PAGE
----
Glenn Greenwald, for example, argued that the New York Times makes clear that those who carried out the impeachment are corrupt themselves. He found his moment of victory. But a closer reading reveals the opposite. Yes, it is true that the New York Times said that the people behind the impeachment were themselves guilty of corruption. However, in the same article, the New York Times has given equal credence to the opinion of others who argued that Dilma’s impeachment is legally valid and acceptable. The reader is thus left in a confused state of mind and does not know whom to believe, but remains unaware of the actual injustice taking place, namely, the unlawful impeachment of a president who was elected by 54 million Brazilians.

In other instances, the New York Times has provided the wholly inaccurate impression that Dilma is corrupt or that the accusations against her are valid, although this in itself is a partisan view, as she has not been convicted of any wrongdoing. Similarly, it disingenuously created the impression that Lula is corrupt.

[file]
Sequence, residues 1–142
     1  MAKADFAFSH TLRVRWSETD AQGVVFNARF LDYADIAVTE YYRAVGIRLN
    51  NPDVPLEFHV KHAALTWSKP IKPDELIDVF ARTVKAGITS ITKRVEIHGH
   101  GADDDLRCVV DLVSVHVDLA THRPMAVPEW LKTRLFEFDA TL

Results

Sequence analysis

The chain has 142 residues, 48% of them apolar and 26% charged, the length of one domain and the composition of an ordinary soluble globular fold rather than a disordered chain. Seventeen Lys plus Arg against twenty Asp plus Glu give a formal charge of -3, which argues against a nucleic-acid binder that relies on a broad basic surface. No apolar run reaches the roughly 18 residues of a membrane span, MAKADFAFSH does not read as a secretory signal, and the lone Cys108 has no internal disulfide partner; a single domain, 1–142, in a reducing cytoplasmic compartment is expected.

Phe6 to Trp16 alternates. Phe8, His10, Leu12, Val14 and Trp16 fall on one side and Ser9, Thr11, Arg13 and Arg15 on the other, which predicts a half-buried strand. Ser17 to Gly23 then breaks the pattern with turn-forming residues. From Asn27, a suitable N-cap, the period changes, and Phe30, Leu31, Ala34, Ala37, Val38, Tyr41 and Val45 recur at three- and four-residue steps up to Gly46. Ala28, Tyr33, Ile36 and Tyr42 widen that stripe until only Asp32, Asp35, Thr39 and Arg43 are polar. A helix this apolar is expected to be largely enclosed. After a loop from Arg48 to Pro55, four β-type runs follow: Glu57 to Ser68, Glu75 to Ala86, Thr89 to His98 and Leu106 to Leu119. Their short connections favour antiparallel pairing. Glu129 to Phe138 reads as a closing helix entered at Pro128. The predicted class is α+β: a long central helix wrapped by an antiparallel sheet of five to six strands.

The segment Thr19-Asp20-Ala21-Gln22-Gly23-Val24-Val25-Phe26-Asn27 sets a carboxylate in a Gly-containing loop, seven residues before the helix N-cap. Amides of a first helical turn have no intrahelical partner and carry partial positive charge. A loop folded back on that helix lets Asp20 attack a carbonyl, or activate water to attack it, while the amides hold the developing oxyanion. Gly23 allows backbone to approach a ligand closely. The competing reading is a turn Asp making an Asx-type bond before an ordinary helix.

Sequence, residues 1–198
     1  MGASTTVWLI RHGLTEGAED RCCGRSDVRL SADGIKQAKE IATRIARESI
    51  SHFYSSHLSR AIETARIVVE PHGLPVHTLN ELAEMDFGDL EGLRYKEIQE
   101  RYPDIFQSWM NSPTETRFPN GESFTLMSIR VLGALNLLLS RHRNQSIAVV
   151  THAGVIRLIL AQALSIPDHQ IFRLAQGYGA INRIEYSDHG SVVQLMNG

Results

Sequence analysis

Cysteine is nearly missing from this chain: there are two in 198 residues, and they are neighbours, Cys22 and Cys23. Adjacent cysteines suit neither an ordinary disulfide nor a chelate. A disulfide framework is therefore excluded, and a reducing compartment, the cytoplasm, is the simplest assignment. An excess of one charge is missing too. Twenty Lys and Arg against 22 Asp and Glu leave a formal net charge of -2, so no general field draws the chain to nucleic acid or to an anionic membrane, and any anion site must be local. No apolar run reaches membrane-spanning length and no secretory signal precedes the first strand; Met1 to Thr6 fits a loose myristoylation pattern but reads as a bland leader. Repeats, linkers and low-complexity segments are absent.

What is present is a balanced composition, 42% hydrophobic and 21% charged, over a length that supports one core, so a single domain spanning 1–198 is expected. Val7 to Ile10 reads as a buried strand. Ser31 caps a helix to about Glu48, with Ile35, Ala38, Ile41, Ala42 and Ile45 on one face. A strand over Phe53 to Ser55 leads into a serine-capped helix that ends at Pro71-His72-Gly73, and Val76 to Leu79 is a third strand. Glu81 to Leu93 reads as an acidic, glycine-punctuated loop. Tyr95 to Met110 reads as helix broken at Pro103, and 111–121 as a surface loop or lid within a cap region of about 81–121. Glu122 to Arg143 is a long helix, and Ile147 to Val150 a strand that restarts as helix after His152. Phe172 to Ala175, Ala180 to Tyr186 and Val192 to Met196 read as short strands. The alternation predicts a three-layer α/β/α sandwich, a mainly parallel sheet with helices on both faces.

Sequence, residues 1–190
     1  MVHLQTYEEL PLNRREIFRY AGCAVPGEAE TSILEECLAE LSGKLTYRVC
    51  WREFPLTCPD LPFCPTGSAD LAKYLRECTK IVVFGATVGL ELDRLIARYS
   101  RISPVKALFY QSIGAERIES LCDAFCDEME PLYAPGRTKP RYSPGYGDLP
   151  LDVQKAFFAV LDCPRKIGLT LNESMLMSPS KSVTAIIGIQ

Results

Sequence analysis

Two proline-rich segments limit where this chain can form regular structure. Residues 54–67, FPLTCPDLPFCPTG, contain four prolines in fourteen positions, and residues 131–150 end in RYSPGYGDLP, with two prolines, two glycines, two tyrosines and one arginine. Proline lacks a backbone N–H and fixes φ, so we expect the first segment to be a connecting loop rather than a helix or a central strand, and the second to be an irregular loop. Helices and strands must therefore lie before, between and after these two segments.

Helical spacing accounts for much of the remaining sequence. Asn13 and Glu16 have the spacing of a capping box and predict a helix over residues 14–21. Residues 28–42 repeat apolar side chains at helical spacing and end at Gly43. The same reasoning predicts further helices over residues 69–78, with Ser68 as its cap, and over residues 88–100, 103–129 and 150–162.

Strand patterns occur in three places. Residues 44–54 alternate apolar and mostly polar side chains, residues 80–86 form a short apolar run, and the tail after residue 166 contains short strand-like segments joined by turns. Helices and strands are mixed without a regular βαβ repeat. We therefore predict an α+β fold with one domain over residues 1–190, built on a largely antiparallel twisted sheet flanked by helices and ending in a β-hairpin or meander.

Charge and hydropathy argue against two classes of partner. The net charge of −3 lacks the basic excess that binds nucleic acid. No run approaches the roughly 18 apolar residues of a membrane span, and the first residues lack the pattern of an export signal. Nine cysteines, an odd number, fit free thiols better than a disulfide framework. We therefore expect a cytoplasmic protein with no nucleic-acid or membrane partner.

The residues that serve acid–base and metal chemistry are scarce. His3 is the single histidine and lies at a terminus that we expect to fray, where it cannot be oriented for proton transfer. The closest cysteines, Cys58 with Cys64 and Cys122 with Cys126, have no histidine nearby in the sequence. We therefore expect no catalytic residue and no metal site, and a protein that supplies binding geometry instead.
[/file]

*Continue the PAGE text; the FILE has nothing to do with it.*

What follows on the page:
Greenwald also noted with joy that “Even The Economist, which has long despised the PT and its anti-poverty programs and wants Dilma to resign, has argued that ‘in the absence of proof of criminality, impeachment is unwarranted’ and ‘looks like a pretext for ousting an unpopular president.’” But this is also a truly naïve argument. The very same article by The Economist argues that Dilma must resign now, mentions only anti-government demonstrators, and says that Dilma’s resignation is what Brazil needs as if The Economist suddenly found in its great heart love for the Brazilian poor majority. On what basis does The Economist demand the resignation of a president of a sovereign country? If Dilma’s impeachment is unwarranted as it claims, then why must she resign?